Business is good; we are up to 250 patients and are managing the volume pretty well. But I've had to keep a cap on growth while I figured out what system I would use to run the practice. Obviously, EMR systems designed to produce enough E/M vomit to scare away Medicare auditors don't fit with my business plan. Other systems seem to have become so obsessed with "meaningful use" that they don't do basic business functions. Expecting a system designed to work with the Economics Through the Looking Glass of American healthcare to function in the real world is folly, and so I had to choose: do I stay with my current non-system and let the quality of my care suffer, do I keep growth of the practice to a minimum, ignoring the reality of 3 kids in college next fall, or do I give in to the belief that I know what I need and can build a computer system that will work with my type of practice?
I decided on what's behind curtain number 3. Unfortunately, this all happened just as I agreed to an interview with a local TV station - an interview that went viral and now has people as far away as Idaho and San Francisco wondering if they can be my patients. Now the pressure is really on to make this thing work. I can no longer be indecisive; I will either live by the database or die by it.
So far, it's been going well. Despite a few "unfortunate" moments where I deleted all records of everything (thank goodness for paranoia about backups), I have broken the code of working with a relational database, and my nature as an internal medicine problem-solving nerd has served me well. In truth, this is not much different from what I did with the EMR system at the old practice.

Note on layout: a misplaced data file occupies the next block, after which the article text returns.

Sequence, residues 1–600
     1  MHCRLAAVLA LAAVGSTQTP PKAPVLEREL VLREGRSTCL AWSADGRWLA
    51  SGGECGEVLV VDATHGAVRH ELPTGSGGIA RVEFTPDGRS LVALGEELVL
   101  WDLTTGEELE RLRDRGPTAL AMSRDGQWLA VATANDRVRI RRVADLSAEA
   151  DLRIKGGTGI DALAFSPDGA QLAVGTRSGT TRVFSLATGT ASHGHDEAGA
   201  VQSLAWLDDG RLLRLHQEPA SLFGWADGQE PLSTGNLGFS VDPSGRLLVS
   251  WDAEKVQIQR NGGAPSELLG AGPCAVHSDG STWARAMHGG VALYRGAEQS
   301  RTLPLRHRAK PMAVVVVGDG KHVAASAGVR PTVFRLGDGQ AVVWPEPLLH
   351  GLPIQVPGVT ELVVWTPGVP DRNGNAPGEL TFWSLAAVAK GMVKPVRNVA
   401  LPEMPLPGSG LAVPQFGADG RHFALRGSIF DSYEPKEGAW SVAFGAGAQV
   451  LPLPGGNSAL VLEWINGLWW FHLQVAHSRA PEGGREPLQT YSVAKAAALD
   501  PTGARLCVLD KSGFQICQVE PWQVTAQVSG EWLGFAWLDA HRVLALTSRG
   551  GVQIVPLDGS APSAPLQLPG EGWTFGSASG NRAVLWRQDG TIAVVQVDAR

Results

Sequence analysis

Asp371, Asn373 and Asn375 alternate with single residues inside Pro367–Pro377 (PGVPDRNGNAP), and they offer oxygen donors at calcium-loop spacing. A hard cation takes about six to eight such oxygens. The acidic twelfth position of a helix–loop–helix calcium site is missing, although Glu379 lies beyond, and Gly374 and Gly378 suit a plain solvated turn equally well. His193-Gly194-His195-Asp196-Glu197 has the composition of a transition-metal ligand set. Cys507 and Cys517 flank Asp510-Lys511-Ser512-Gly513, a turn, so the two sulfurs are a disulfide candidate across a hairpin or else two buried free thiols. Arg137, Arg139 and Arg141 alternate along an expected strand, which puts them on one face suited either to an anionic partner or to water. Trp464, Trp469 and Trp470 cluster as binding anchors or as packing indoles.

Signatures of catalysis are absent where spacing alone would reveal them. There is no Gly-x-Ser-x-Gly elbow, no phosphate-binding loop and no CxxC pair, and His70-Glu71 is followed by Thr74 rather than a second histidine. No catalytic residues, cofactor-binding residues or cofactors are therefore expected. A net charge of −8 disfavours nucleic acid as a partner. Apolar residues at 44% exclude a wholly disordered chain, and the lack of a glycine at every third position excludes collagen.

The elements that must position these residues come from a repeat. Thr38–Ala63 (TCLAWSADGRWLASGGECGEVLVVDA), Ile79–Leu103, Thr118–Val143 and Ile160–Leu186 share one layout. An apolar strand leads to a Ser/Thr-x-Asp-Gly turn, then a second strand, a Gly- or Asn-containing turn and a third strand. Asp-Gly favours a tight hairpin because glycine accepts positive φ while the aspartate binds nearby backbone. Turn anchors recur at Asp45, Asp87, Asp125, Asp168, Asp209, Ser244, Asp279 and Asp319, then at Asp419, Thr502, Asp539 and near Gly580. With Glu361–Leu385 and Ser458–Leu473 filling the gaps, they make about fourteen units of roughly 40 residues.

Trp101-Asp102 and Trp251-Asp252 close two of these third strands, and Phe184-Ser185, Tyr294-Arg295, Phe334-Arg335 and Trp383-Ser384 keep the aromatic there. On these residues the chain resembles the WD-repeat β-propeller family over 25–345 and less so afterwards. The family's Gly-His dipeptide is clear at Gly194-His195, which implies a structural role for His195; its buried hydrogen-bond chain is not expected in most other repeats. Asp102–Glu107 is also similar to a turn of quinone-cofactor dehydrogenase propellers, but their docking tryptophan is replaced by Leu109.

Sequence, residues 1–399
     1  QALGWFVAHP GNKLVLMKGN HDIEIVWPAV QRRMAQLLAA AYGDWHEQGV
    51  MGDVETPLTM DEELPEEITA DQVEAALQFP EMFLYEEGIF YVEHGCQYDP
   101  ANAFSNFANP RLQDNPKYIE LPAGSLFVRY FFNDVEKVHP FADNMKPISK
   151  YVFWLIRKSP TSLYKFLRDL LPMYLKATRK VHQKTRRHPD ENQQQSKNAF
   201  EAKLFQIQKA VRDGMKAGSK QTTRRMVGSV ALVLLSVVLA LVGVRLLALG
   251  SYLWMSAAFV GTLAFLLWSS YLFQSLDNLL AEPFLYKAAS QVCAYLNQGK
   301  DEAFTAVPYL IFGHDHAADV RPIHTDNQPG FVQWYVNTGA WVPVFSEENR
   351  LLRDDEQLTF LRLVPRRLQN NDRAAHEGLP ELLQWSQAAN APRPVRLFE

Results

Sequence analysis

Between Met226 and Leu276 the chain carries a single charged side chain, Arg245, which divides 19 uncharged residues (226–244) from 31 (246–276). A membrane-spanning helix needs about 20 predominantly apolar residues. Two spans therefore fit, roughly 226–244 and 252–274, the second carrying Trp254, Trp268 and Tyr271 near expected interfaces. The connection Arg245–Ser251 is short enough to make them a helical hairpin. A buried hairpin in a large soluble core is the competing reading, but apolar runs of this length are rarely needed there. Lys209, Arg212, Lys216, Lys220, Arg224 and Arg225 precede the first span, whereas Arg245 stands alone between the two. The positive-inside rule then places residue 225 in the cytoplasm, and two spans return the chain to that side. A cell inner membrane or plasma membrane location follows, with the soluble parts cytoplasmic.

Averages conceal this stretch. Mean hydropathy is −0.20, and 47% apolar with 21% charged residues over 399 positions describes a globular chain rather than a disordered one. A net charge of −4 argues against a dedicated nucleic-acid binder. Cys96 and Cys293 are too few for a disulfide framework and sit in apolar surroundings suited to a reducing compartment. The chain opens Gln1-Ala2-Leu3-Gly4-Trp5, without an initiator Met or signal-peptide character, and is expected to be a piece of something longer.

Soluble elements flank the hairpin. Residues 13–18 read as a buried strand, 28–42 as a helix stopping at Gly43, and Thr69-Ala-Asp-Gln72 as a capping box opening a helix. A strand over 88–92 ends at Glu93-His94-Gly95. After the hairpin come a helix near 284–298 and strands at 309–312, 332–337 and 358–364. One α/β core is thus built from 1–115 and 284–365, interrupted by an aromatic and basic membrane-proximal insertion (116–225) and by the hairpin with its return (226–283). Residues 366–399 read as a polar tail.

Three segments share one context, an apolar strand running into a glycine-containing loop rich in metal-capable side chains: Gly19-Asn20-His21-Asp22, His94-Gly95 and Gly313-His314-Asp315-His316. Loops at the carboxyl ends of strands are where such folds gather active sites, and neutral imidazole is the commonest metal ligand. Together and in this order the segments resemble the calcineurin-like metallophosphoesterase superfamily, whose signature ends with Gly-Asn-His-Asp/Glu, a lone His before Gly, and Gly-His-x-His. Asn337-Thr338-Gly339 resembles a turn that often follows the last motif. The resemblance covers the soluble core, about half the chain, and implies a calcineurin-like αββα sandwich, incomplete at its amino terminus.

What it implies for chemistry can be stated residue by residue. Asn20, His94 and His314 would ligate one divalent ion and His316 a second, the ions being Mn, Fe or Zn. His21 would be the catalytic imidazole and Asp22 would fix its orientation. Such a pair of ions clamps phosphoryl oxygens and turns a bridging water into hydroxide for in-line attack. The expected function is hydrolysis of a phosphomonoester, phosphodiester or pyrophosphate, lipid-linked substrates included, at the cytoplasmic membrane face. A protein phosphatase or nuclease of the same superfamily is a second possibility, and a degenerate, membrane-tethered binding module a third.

- I think about where the greatest pain is for me and my nurse, and fix those problems. Where can time be saved, and jobs be made simpler?
- I think about where the greatest risks for patients are, and fix those problems. What things are easily forgotten or missed? How can I set the system up so it assures the safety of my patients?
- I think about where I want to go with the practice in the long run, and set up a system that will set us up to go in those directions when we are ready.
- I think about the questions I ask myself when dealing with a patient, the information I want to know the most, and put that information in a place where it's easily accessed.
In reality, the software borrows heavily from software real businesses use:
- Contact Relations Management to keep track of interactions with customers (patients)
- Business financial management to keep track of costs and of who has paid (and who hasn't)
- Document management to handle the reams of information flung at me on a daily basis.